Why World Peace Is A Norm While War Is An Aberration
There are two opposite views whether world peace, narrowly defined as absence of warfare, is a norm while war is an aberration. Dr Margaret MacMillan, Professor of International History at Oxford University and author of The War That Ended Peace, does not believe that war is an aberration and peace is the norm.
Rather, she iterates that war is deeply woven into our history as empires rise by defeating lesser powers and then decline, leaving others to pick on the carcass. Fear is a motivator for war, as is the distinction between honour and shame passed down from generation to generation. And the part played by individuals should never be discounted: wars break out as a result of countless human judgements and misjudgements.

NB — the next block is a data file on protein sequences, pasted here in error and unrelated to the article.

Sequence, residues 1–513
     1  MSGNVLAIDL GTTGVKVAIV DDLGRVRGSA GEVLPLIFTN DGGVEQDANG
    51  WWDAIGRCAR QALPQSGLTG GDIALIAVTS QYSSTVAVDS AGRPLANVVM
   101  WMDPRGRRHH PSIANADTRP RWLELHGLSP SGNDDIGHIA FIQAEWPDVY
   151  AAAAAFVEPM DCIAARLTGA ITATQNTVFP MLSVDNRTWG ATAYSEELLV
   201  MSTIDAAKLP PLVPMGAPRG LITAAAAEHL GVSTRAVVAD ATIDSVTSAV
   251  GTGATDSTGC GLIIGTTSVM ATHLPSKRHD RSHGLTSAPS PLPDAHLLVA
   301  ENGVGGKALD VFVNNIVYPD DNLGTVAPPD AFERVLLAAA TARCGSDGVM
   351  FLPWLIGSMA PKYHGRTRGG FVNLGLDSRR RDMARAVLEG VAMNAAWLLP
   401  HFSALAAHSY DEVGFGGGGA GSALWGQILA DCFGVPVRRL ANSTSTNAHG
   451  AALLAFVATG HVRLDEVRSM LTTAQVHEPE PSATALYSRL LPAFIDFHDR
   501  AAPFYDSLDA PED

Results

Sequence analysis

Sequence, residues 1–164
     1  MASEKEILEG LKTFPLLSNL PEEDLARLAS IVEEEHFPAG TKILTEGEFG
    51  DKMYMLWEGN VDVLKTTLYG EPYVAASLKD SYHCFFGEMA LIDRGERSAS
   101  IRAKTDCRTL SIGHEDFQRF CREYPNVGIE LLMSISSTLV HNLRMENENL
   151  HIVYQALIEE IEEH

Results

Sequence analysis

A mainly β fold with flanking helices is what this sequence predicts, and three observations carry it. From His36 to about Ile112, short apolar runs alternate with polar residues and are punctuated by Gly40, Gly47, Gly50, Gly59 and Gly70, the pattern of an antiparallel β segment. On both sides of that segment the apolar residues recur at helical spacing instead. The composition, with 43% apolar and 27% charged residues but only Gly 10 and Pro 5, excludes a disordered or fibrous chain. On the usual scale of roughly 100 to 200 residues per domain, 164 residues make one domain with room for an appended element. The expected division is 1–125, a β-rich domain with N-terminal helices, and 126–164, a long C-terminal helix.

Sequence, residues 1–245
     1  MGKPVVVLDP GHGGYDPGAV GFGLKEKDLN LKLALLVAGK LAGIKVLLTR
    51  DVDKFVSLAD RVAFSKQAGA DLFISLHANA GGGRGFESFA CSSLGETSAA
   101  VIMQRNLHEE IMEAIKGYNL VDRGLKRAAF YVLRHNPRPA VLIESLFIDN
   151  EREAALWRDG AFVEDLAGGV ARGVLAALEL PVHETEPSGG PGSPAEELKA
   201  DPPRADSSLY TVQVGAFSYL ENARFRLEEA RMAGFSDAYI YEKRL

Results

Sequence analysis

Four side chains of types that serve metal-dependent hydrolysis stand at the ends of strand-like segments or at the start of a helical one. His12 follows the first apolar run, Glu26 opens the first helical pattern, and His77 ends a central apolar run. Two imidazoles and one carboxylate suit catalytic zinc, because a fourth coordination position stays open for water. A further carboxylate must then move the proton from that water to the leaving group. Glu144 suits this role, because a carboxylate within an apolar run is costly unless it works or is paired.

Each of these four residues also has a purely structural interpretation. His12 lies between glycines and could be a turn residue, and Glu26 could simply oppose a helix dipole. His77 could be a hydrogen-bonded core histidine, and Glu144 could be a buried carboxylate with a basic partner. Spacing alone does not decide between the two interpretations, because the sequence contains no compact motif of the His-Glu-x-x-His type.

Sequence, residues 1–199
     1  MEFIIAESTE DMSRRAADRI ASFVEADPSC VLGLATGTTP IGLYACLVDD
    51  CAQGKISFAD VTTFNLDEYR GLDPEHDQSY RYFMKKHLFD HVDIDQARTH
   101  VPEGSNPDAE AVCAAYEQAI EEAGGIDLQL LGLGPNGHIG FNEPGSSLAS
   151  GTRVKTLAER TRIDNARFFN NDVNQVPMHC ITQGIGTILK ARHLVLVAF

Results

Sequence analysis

On the other hand, Steven Pinker believes that it is completely conceivable that wars between countries might go the way of slave auctions, debtors’ prisons and other barbaric customs. Not only is war at an all-time low, rates of homicide are far lower than they were in the Middle Ages, and issues like domestic violence are no longer seen as being acceptable.
I tend to agree with the latter view; to me world peace is a default function of the global political system politics while warfare is its occasional malfunctioning for the following reasons.
Firstly, declining warfare is a historical trend. If we look at world history, the frequency and duration of warfare is decreasing. Compare 100 Years War or Thirty Years War with First and Second World War or even Afghanistan war. Steven Pinker rightly argues that while there is plenty of violence around the world and more ways of killing each other, we have witnessed fewer and fewer wars between countries since 1945.
War and Peace section of the website Our World in Data contains an in depth analysis of the wars conducted among the great powers during the last 500 years. Their conclusion supports the assertion made above.